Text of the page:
In Yemen, President Ali Abdullah Saleh could be losing his grip on power. Well-armed opponents have been battling his forces all week in the capital, Sanaa. They fired shells at his palace Friday, wounding him in the attack.
At least six guards were killed and eight top officials were also wounded, an official said.
Meanwhile, tribal groups have continued to march on the capital as what began as pro-democracy demonstrations continues to evolve in the direction of civil war.
Edmund Hull was the U.S. Ambassador to Yemen from 2001 to 2004. He spoke to CBS Evening News anchor Harry Smith Friday about the evolving situation in Yemen and how it affects U.S. interests. A transcript of the interview follows:
Smith: Why should Americans be concerned about what's going on in Yemen right now?
Hull: Well, al Qaeda in the Arabian Peninsula is based in Yemen, and that's the most active today in the al Qaeda network currently. And within the last couple years, they have twice targeted the U.S. homeland -- initially with the underwear bomber on Christmas Day and then more recently the printer cartridge bombs in airplane freight.
Smith: If, in fact, Yemen ended up as a failed state as a Somalia, for instance, how dangerous would that be?
Hull: It would be extremely dangerous. It would give al Qaeda a safe haven akin to that which they had in Afghanistan before 9/11. And one of the cardinal lessons that we learned from our study of the 9/11 attack was that the United States can never allow al Qaeda to create those kind of safe havens again.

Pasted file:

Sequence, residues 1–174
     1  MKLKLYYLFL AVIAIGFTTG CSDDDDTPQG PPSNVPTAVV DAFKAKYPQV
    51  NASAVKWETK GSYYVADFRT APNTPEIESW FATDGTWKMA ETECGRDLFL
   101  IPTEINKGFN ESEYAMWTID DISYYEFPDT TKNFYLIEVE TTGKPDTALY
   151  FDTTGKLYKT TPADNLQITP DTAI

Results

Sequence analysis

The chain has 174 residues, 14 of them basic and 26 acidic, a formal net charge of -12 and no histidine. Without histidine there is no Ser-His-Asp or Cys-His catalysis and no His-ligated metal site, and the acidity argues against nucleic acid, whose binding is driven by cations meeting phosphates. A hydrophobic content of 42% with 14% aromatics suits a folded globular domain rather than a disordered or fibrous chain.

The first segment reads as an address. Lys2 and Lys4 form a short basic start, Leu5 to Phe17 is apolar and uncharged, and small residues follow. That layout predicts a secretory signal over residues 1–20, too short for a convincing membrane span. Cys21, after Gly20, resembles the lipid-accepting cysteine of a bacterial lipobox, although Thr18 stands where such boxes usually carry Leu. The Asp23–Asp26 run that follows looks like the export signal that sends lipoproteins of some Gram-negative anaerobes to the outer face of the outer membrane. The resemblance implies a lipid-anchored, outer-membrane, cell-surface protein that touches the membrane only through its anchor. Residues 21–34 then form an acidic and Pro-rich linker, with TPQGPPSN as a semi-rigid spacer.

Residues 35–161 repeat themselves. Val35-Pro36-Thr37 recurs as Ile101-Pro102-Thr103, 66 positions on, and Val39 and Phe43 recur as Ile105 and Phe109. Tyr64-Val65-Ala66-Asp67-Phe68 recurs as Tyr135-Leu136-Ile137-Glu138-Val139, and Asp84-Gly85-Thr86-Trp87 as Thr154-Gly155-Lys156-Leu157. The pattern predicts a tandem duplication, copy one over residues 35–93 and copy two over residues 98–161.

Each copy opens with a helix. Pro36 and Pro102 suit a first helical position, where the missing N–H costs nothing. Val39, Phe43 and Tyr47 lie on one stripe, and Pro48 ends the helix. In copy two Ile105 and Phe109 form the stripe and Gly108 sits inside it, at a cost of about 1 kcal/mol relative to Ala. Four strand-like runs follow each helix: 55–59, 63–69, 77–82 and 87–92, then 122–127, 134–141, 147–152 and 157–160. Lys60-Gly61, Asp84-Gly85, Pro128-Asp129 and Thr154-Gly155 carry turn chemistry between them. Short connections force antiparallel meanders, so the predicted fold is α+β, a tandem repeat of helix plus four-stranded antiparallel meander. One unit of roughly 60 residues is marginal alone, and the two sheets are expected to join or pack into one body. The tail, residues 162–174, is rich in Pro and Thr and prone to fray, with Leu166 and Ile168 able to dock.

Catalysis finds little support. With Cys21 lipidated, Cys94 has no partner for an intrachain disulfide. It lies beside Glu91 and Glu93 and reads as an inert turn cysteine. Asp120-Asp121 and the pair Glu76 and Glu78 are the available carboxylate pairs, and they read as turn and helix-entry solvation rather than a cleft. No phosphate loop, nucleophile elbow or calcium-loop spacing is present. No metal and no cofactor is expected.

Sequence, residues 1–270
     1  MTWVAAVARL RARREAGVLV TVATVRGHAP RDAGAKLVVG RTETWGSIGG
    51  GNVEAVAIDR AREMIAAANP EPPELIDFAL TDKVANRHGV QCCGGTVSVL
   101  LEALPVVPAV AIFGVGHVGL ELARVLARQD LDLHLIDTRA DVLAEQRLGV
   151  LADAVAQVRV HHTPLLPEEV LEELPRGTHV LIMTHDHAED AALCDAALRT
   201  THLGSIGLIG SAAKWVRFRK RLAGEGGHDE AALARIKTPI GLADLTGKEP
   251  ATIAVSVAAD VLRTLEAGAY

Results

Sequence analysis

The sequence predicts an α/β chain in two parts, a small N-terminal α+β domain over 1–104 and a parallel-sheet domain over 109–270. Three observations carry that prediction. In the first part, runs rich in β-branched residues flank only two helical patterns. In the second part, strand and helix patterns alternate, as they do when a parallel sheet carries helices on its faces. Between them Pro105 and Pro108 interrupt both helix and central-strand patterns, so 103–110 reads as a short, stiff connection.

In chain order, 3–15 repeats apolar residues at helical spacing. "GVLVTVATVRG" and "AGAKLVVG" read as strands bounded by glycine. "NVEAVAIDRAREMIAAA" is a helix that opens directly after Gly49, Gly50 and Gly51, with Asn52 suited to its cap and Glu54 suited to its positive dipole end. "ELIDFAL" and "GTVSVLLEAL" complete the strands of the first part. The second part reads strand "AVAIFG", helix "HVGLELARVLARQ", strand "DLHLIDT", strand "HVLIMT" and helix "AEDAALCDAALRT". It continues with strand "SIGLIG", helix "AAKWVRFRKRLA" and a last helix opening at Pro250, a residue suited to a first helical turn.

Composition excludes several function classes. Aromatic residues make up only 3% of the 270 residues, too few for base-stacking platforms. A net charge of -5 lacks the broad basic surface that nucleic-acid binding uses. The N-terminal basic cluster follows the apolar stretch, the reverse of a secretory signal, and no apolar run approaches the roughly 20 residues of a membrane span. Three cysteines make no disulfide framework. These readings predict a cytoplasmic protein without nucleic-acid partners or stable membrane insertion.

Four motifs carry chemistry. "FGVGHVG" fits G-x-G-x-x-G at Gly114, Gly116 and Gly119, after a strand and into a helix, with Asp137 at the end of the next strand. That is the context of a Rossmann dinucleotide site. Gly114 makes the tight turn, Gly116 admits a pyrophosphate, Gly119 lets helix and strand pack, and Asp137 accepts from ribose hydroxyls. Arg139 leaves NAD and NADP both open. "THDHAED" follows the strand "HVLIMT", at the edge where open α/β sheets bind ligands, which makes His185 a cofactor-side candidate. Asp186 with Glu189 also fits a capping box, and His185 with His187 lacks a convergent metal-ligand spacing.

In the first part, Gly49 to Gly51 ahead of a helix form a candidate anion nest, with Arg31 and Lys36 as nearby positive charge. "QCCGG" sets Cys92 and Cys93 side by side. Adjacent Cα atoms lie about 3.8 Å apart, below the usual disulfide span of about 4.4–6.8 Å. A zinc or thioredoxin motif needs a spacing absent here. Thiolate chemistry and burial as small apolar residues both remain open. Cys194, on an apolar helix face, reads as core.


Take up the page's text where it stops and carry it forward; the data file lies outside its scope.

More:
Smith: Is there literally anything that can be done?
Hull: A lot can be done, but I don't think it's the right approach to think about an outside force trying to hold sway in Yemen. Any outsider that's intervened in Yemen has lived to rue the day. No. I think the outside -- the international community's role here is enhanced diplomacy and giving support to the regional efforts of the Gulf corms council and the efforts of the many reformers within Yemen itself.
Smith: Finally, how critical a juncture is this country at right now?
Hull: I think it's extremely critical. I think the choice now is either civil war and perhaps fragmentation or moving it into a path towards the future towards greater democracy. It's a true crossroads.
Smith: Mr. ambassador, thank you for your time tonight. Do appreciate it.
Hull: Thank you.